Ashley James has no time for anyone accusing her of ‘attention seeking’ by sharing breastfeeding posts on social media – insisting it’s the ‘most natural thing in the world’.
She shares Alfie with boyfriend Tommy and since their little one’s arrival, Ashley has been sharing updates on her journey into motherhood for fans on Instagram.
As well as cute snaps of Alfie settling into his new home and intimate photos taken in hospital from his birth, Ashley has also shared pictures of her breastfeeding and spoken about how she’s found doing so since Alfie’s arrival.
In her latest post, Ashley revealed that her breastfeeding pictures have seen her inbox flooded with messages from either men making sexualised comments or women accusing her of ‘attention seeking’.
Firing back at judgemental comments, Ashley said it ‘genuinely makes me so sad’ to see women shaming her for breastfeeding, with the influencer telling fans she refuses to ‘hide away’ from breastfeeding her son.
Alongside a series of pictures – one of her breastfeeding, one of her in a bikini and some of her wearing low-cut outfits – Ashley called out the stigma attached to having big boobs and normalised breastfeeding.
She wrote: ‘Put your hands up if you see a woman with big boobs and make judgements and assumptions about her? 🙋🏼♀️
‘I’ve pretty much been topless since giving birth to my son 6 weeks ago. Breastfeeding is constant and I honestly love it because it’s the first time I’ve felt like my big boobs have a pure purpose. I feel so mother earthy.’
Ashley explained: ‘During this time, my inbox has been flooded with creepy comments from men (weird to sexualise someone breastfeeding), and judgemental comments from women about how often they’re out, or about me attention seeking.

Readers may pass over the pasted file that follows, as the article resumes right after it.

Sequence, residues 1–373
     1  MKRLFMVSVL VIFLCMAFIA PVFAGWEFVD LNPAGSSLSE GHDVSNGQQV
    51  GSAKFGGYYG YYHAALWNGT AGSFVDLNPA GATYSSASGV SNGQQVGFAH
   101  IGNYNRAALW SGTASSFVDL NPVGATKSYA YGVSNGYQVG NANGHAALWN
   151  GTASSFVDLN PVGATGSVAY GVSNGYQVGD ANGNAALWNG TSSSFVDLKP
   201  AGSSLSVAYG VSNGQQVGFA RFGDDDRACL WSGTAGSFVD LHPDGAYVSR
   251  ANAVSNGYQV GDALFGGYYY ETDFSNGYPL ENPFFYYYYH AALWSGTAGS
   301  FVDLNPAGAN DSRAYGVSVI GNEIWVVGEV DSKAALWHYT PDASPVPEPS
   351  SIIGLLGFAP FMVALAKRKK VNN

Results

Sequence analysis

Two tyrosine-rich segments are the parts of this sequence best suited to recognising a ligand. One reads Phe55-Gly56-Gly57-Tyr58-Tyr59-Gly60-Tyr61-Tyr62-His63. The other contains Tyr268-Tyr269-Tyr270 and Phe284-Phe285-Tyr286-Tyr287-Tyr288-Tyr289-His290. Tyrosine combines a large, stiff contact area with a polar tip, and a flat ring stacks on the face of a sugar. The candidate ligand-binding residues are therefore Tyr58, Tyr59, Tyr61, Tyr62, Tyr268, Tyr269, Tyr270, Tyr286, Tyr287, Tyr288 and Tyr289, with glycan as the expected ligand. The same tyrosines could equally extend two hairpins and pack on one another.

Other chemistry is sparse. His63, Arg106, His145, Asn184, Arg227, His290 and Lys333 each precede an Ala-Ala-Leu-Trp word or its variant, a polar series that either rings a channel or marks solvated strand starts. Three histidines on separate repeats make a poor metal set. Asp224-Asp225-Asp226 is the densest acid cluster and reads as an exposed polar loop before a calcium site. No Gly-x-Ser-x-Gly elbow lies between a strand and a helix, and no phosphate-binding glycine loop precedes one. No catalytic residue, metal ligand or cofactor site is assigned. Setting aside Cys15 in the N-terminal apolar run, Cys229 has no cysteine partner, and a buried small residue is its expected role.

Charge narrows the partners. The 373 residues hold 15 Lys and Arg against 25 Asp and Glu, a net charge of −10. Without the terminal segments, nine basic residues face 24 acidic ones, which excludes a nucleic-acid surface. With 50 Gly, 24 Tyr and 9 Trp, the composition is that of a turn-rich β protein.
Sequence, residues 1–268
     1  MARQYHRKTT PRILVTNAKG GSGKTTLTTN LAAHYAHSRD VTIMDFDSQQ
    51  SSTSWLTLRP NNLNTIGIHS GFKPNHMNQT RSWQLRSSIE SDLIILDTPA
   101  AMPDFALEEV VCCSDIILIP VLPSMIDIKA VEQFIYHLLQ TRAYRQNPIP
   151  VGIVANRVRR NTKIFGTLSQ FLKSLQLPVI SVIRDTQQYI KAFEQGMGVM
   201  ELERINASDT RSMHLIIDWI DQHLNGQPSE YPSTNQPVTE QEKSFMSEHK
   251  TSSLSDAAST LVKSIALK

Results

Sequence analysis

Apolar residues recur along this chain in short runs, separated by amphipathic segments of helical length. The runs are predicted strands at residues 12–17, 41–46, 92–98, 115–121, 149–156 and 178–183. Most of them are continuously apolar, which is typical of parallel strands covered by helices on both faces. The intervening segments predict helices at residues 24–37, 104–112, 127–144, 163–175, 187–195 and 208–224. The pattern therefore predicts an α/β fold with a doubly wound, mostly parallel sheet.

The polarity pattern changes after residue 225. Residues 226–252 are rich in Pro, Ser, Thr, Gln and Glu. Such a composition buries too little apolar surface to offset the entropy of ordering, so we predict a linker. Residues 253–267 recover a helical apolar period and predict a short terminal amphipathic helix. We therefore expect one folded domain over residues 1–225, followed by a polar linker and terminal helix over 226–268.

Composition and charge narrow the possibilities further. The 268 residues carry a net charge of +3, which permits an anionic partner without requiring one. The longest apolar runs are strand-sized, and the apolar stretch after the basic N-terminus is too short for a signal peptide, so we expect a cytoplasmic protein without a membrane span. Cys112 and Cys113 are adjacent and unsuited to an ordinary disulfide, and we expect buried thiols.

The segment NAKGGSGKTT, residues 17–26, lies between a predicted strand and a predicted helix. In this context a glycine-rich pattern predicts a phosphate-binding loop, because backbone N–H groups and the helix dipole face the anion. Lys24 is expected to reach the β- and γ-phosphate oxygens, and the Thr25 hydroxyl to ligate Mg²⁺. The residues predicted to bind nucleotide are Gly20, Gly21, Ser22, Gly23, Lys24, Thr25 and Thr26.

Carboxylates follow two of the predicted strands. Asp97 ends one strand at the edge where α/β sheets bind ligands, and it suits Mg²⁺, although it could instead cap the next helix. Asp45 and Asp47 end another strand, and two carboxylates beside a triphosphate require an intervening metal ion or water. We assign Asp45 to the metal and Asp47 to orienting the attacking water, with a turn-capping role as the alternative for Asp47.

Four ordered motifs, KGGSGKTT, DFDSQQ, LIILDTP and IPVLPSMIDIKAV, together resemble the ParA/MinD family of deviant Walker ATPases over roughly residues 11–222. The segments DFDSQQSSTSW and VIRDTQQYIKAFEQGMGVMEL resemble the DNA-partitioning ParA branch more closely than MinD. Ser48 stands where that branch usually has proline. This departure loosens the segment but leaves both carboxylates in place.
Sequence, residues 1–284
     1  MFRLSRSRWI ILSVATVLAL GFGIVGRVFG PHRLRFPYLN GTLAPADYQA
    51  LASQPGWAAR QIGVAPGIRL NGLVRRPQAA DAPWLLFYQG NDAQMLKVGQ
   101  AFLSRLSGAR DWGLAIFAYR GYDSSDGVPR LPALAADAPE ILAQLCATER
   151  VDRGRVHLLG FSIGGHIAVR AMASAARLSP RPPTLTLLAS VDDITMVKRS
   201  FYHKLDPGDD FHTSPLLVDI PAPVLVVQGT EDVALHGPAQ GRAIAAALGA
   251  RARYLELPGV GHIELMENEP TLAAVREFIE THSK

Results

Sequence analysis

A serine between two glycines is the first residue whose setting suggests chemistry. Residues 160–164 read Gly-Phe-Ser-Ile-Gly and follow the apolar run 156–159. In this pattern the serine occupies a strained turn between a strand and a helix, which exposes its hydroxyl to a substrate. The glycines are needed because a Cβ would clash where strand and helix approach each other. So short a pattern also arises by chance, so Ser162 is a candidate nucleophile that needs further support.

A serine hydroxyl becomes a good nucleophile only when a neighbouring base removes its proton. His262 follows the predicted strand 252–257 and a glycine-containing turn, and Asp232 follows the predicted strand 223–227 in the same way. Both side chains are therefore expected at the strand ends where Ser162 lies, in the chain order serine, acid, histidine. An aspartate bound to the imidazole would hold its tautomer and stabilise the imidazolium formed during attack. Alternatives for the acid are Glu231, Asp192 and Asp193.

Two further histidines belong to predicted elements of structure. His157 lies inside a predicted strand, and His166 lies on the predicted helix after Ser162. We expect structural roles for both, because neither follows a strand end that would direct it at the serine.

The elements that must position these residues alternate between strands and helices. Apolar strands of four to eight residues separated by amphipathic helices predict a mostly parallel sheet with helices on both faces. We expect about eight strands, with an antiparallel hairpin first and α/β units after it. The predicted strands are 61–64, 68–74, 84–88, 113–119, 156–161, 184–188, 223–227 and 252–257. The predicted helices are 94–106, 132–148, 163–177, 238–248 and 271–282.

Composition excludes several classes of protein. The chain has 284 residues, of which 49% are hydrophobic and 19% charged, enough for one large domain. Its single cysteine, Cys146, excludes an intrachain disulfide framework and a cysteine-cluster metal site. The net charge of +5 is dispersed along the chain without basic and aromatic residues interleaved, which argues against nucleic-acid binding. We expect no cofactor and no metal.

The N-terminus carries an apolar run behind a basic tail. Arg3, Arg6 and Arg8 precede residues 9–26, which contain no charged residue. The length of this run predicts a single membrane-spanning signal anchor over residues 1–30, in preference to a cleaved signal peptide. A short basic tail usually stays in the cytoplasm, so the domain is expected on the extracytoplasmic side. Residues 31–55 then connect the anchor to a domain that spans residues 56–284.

‘It genuinely makes me so sad that there are still women who think I / other big boobed women get our boobs out for male attention. I understand it though, we’re so conditioned to be that way.’
She revealed that she’s been targeted because of her breast size since she was a teenager.
Ashley said: ‘These comments aren’t new to me. They started when I was 13 years old and first grew big boobs… Being constantly told to stop seeking attention, or to put them away even in a vest top. And I know other big boobed women have experienced the same.
‘We spend our lives trying to avoid unwanted male attention, usually starting from when we are teenagers. Feeling uncomfortable when we notice people looking at our cleavage instead of our faces. Trying to find the line between wearing what we feel good in and what we feel safe in. Finding a balance between sexy and frumpy. We know the pain of getting ready and feeling good and then our friends asking who we’ve got “the girls out for”.
‘My boobs are out all the time at the moment because that’s the reality of my situation. But also because I’m bored of women being made to feel ashamed of breastfeeding. It’s the most natural thing in the world. It’s why we have boobs, and I’m not going to hide away in any public bathroom to do it.’
She said: ‘And yes, I show off lingerie. As someone with big boobs, I wish I had that when I was younger. I wish I saw someone proud of their body and their big boobs and not being made to feel ashamed for their God given body – as I was for years.
‘Please stop judging women with big boobs. Our boob size is not our morals. We WISH people wouldn’t stare at them, but they’re literally attached to our chest and we don’t want to dress like nuns. 💗 #breastfeeding.’
It comes after Ashely opened up about breastfeeding and told fans she was ‘apprehensive’ about it at first, especially when it came to breastfeeding in public.
‘Breastfeeding was something I was slightly apprehensive about because I’d heard it was challenging, but also because my boobs are SO big I felt like I couldn’t get away with subtle feeding in public,’ she said in a candid post.
‘I know there’s so much stigma and judgement around breastfeeding anyway, and the thought of having to get a boob bigger than my baby’s head out was a terrifying thought. That said, it was also something I felt quite passionate about trying to do.’
Ashley said breastfeeding has changed the way she sees her breasts as it’s the first time they don’t feel ‘inappropriate or sexual’, and she loves the bond that comes with breastfeeding her son.
Addressing critics, Ashley said at the time: ‘If people have a problem with me using my breasts for what nature intended then I think that would say a lot more about them than me.’
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